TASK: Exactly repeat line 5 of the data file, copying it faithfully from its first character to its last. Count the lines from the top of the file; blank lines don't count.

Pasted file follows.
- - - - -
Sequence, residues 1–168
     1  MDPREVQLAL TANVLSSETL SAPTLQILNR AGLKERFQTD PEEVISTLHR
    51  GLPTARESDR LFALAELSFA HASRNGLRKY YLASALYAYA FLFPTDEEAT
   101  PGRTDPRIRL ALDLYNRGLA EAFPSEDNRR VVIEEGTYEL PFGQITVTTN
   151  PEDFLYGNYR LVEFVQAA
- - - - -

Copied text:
   151  PEDFLYGNYR LVEFVQAA